Columbus, Ohio 43210


Purpose:

The aim of the study is to validate in a prospective fashion the value of the Congo-Red Dot (CRD) test for diagnosis of preeclampsia. The working hypothesis is that in pregnancies complicated by preeclampsia, will display urine congophilia and have a positive CRD test.


Study summary:

Preeclampsia is a pregnancy-specific hypertensive disorder and a leading cause of maternal and perinatal morbidity and death worldwide. When left untreated, preeclampsia leads to seizures (eclampsia), stroke, hemorrhage, kidney and liver failure, and death. The World Health Organization (WHO) estimates that 99% of preeclampsia-related deaths occur in low- and mid-income countries. Although most cases of maternal death are preventable, it is estimated that ~63,000 women die annually due to preeclampsia alone. In developed countries, such as the U.S. and UK, development and implementation of clinical guidelines for diagnosis and management of preeclampsia has resulted in a dramatic decrease in maternal morbidity and mortality. Some of these measures include: a) blood pressure and dipstick proteinuria screening during each prenatal visits; b) extensive laboratory work-up to rule-out hemolysis, elevated liver enzymes, and thrombocytopenia (HELLP) syndrome; c) hospital admission for intensive clinical observation; d) use of magnesium sulfate and anti-hypertensive medication to prevent eclampsia and intracranial hemorrhage and e) medically indicated early delivery for strict clinical criteria of severity given that delivery is the only definitive cure for preeclampsia. It is well-recognized that the number of medically-indicated early deliveries in the U.S. and U.K. exceeds those necessary to prevent maternal death or morbidity related to preeclampsia. However, in the era of widespread use of antenatal corticosteroids and advances in neonatal intensive care, in developed countries, obstetricians lean more towards indicating delivery than they were three decades ago. At present in the U.S., preeclampsia is estimated to trigger 70% of medically indicated preterm births. Yet, implementation of the same guidelines is not feasible for low- or mid-income countries. In this scenario, the tendency is to prolong pregnancy at least until 34 weeks so that the likelihood of survival for the premature neonate is maximized. Recognizing this conundrum, increased emphasis has been placed on finding novel diagnostic and prognostic biomarkers that may help with identification of preeclamptic women in real need of medically-indicated deliveries as opposed to those whose pregnancy could be safely extended. That said, for low- and mid-income countries, such biomarkers have the potential to significantly help with current barriers in reducing maternal morbidity and deaths from severe preeclampsia. Because compliance with physician referral and transport to the hospital are significant issues in rural areas, the earlier the problem is identified, the better the outcome. Accurate identification of women whose pregnancies are at high risk for preeclampsia or eclampsia would result in timely referral to medical facilities where appropriate treatments (i.e magnesium sulfate or medically-indicated delivery) can be provided. Additionally, an accurate diagnostic test for preeclampsia implemented in a developing country will allow maternity units to run more cost effectively by avoiding unnecessary referrals, unnecessary admissions for 24h protein assessment. This will also reduce the number of admissions for labor induction, the number of inductions in general and indirectly the number of C-sections. Traditionally, the diagnosis of preeclampsia relies on presence of hypertension and proteinuria. Unfortunately, these signs are often non-specific and could be confounded by many co-morbidities including essential hypertension and chronic kidney disease. Spearheaded by proteomics research, our group identified that women with severe forms of preeclampsia excrete in their urine high amounts of unfolded or misfolded proteins. This phenomenon classifies preeclampsia as a protein conformational disorder similar to Alzheimer's and prion disease, yet particular to pregnancy. It logically followed that misfolded proteins in preeclampsia urine should exhibit congophilia (affinity for the azo-dye Congo Red). Congo Red was developed for textile industry in the 1800', but later found to have self-assembling properties and to selectively stain misfolded amyloid in brains of patients with Alzheimer's. Based on these premises, a simple urine diagnostic test [Congo Red Dot (CRD) Test] has been designed, developed and validated in our research laboratory.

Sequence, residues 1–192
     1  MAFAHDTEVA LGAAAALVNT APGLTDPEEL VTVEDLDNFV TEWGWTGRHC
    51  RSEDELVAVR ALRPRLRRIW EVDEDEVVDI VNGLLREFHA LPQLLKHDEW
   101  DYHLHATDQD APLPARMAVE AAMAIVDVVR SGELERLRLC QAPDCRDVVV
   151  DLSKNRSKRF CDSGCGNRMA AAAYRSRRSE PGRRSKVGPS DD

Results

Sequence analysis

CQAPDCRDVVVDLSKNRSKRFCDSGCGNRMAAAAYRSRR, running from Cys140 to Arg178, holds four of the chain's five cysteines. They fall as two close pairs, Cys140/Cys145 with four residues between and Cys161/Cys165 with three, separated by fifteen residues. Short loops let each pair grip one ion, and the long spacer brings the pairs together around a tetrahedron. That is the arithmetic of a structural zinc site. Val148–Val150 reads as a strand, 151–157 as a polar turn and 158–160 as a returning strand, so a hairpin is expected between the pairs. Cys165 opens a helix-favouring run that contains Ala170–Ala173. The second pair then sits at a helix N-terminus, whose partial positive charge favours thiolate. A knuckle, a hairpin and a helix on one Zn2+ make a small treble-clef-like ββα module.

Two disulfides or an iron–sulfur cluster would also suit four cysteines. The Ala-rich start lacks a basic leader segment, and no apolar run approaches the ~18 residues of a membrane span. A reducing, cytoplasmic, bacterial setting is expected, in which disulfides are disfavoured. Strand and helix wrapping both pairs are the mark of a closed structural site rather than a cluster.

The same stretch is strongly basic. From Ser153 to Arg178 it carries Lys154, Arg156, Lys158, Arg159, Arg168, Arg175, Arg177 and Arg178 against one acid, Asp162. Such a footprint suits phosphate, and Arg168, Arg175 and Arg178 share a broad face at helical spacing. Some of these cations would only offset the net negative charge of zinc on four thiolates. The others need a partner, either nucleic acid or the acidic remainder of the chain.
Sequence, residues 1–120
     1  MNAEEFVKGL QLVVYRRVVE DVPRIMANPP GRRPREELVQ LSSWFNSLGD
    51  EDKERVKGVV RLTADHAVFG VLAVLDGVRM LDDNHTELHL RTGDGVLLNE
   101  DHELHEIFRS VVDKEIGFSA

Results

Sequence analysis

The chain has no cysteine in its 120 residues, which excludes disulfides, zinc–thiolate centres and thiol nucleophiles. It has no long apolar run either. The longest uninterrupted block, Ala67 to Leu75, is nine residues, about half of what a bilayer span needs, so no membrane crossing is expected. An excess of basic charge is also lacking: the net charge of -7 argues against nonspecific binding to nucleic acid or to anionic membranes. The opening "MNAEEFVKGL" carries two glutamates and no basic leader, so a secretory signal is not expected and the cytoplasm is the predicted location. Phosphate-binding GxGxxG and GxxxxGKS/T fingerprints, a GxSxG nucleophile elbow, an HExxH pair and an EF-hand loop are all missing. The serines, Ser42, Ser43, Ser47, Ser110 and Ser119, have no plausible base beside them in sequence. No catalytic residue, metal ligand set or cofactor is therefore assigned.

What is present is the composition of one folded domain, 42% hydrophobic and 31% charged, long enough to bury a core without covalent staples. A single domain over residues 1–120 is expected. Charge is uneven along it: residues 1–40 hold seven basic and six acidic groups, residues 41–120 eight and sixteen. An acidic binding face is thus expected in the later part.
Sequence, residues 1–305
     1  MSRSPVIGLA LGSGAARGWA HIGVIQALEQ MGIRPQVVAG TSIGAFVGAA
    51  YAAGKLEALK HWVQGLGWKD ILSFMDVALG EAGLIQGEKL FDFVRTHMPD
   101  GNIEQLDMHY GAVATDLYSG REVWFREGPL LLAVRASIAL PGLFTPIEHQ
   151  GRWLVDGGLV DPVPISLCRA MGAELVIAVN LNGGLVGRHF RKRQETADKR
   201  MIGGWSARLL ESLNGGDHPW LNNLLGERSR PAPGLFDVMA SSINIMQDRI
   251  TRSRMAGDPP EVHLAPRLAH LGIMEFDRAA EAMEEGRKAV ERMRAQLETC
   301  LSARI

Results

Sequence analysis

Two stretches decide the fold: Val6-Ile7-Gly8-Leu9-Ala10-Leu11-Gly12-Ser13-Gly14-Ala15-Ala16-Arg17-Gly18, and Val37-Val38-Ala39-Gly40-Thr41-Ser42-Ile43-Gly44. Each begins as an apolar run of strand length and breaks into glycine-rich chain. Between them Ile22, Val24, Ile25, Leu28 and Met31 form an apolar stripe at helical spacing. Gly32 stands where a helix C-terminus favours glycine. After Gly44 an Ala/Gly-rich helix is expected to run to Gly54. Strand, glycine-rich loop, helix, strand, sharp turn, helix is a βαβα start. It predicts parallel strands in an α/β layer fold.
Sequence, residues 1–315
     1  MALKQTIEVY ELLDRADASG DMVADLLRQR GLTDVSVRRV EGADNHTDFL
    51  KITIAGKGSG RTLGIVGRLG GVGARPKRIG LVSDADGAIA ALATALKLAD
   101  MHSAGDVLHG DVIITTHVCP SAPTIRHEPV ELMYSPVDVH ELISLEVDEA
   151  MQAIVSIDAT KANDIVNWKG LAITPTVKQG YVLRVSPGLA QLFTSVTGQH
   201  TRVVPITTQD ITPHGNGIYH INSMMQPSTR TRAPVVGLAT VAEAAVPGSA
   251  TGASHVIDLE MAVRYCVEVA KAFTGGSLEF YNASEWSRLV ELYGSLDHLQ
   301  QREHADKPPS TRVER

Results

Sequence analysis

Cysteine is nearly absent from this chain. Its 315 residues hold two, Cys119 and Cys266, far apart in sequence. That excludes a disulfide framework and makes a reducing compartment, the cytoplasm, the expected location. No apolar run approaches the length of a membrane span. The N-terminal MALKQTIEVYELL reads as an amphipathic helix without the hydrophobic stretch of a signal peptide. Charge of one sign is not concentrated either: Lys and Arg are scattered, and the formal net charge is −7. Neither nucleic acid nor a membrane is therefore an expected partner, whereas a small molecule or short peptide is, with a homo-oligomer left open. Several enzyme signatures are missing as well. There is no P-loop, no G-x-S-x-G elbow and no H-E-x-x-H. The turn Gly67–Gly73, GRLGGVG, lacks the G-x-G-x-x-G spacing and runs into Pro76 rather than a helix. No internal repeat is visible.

Criteria:

Inclusion Criteria: - Pregnant women evaluated for the onset of clinical symptoms of preeclampsia in the Labor and Delivery Unit of The Ohio State Wexner Medical Center. Exclusion Criteria: - Non-english speaking - Men - Prisoners - Those unable to provide consent for themselves


NCT ID:

NCT02455544


Primary Contact:

Principal Investigator
Catalin S Buhimschi, MD
The Ohio State University Department of Obstetrics and Gynecology

Catalin S Buhimschi, MD
Email: catalin.buhimschi@osumc.edu


Backup Contact:

Email: kara.rood@osumc.edu
Kara M Rood, MD
Phone: 440-321-0264


Location Contact:

Columbus, Ohio 43210
United States

Kara Rood, MD
Phone: 440-321-0264
Email: kara.rood@osumc.edu

Site Status: Recruiting


Data Source: ClinicalTrials.gov

Date Processed: November 17, 2017

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